7. I know that production -- the dancing, the costumes, the choreography -- all of it is so smooth, creamy and satisfying.
  8. I think of the current NYCB dancers, Yvonne Bourree seems much more relaxed in Robbins ballets than the Balanchine rep. I think she is much better in character parts, where she is told what to think, what to feel. Or it could just be that she submerges her fear of performance into the character. In any case, during rehearsal of Robbins ballets, he often asked the dancers to think about their characters -- who they were, their parents and friends, create a story, etc... They didn't just have to represent the music (although more than that goes into dancing Balanchine).
  9. I was reading a first-person history of Les Ballets 1933 and Diana Menuin said Balanchine regularly played the piano during rehearsals.
  10. I wouldn't expect to have Baryshnikov on the cover, but they should have had dancer/choreographer. However, if they don't have a "best" for orchestra, conductor, jazz musician, soprano or fine artist I would understand the omission. Time did a America's Best about 20 years ago (God, I feel old now!) and Suzanne Farrell was profiled as America's best ballerina. It was a nice full-page article with a small picture. This is perhaps where a good public relations person came come through. Time most likely had an ad in the media trade papers to sell ad space for the special issue. Those advertisements have deadlines. A good pr person for a top company or orchestra could get in touch with the arts editor and pitch them an artist from their organization. That doesn't mean that they'll use the artist, but it could work, especially if they make things easy for the busy editor with suggestions on photos, availability, good story lines etc...
  11. This is seems to be a good place to get my recent night of horror. On Tuesday at NYCB's Midsummer, the woman next to me was snorring so loud that people several rows away turned around 2) a woman not in front of me but two rows ahead sat at the very edge of her seat so she could stare into the orchestra pit, thus blocking the whole of the right part of the stage from my line of vision. I couldn't understand this as she was sitting in the first row of the balcony and easily see without sitting so far foward. 3) the lovely people in back of me whom were discussing all the costumes and dancers at length while the ballet was going. But what to do? Cowill, I would have resorted to the, "Ahh, can you tap on the woman ahead of you." bit to the person just in front and then try to make hand gestures or wisper for the couple to move apart so you could see (the same thing happened to me at a performance of the Joffrey at City Center). I also asked my Russian teacher for the expressions, "Can you please be quiet?" and "Can you please sit back?" to help me for whenever the Bolshoi and the Kirov comes into town. I found that some people are pleased that you took the effort to speak to them in their own language, that the will in fact sit back and stop talking. About cell phones, I've just given up. I figured there was something wrong with my hearing that when there are announcements at theatres or tennis matches to turn cell phones and beepers off, I just missed the part that said, "except the woman in section 4, seat 13, you can keep yours on." In story ballets, I accept the fact that there will be at least one phone ringing per act.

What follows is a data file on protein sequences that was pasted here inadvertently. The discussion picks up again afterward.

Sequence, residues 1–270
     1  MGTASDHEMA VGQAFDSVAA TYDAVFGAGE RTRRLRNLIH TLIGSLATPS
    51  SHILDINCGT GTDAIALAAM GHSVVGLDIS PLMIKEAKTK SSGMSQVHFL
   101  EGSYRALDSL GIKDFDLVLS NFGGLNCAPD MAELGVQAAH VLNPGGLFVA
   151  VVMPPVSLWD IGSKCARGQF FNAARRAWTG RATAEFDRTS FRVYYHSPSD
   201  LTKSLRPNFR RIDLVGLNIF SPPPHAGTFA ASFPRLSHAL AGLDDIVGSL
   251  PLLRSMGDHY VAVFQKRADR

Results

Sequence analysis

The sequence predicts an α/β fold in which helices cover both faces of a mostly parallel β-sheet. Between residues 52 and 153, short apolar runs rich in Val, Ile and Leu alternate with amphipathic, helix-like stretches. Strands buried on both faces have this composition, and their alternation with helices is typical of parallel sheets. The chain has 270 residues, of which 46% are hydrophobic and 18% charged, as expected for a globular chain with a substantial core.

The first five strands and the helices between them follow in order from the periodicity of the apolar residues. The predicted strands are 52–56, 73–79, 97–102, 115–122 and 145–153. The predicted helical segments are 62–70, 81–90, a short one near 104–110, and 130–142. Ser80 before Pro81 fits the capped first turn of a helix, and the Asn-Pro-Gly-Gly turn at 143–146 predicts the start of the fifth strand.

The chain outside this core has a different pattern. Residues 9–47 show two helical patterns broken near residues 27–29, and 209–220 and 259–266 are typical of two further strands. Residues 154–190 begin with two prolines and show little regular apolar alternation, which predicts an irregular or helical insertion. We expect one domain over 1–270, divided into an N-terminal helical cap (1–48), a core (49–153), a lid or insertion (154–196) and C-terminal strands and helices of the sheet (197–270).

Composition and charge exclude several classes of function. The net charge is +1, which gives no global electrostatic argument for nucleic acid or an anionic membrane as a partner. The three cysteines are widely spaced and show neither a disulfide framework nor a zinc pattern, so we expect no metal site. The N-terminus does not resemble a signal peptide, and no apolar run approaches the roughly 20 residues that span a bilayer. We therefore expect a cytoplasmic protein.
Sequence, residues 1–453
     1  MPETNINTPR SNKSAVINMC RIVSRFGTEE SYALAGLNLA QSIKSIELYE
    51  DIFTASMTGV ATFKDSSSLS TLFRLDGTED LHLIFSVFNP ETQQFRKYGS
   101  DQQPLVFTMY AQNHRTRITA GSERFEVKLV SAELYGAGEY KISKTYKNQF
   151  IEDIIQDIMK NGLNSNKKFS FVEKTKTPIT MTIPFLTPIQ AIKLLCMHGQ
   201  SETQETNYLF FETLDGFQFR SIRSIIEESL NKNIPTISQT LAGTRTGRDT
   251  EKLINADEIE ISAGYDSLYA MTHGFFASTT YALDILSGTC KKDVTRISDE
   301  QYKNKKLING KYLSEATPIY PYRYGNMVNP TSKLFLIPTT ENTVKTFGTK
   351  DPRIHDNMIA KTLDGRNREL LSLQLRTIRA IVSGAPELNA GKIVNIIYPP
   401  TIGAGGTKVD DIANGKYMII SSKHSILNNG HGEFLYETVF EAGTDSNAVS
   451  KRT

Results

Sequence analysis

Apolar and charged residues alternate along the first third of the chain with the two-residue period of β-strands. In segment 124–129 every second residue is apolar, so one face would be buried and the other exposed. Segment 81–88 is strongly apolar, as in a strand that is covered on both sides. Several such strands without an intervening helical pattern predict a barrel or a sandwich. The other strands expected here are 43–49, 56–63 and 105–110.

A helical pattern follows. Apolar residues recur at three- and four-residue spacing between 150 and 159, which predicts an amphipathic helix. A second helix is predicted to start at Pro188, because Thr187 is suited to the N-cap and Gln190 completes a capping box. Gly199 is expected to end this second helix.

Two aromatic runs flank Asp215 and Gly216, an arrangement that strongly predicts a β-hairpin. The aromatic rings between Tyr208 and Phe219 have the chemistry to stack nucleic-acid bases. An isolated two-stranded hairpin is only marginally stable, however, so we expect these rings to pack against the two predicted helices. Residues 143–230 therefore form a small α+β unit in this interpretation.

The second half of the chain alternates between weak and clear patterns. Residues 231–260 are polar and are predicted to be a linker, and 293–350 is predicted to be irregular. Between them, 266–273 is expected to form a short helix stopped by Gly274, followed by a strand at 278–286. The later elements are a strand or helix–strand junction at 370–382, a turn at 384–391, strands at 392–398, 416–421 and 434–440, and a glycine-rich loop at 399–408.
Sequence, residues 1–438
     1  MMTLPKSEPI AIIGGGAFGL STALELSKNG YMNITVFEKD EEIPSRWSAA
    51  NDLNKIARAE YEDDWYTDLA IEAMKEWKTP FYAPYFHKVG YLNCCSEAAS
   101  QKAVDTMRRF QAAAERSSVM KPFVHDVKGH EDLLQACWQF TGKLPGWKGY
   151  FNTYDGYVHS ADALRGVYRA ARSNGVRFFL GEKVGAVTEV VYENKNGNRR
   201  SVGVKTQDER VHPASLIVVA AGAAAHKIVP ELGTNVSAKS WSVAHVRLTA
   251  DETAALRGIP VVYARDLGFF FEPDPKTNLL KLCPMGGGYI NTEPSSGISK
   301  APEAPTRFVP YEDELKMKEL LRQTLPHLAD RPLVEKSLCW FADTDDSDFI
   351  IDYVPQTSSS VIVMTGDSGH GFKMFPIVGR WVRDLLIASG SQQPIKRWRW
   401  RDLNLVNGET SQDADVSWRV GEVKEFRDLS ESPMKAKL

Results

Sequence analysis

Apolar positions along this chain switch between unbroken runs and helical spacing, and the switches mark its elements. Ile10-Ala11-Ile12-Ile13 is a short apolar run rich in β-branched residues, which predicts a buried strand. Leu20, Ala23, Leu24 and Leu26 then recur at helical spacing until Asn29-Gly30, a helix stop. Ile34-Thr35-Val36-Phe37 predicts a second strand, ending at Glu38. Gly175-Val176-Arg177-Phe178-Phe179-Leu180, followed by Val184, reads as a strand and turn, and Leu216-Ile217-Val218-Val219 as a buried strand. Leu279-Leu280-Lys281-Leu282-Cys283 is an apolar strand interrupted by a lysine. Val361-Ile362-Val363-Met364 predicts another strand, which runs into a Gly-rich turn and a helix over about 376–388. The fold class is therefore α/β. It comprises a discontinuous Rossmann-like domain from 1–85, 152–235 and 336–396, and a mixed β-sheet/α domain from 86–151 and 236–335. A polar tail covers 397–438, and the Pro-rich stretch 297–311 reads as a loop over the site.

12. I had heard that they wanted to do "Dream" in New York. But that was about a year ago, and as you said, many plans, including the new Sleeping Beauty, had to be put on hold. Somewhere else on this board, someone said that ABT is going to do Raymonda. The company has brought in a few productions from National Ballet of Canada and they did Dream last season.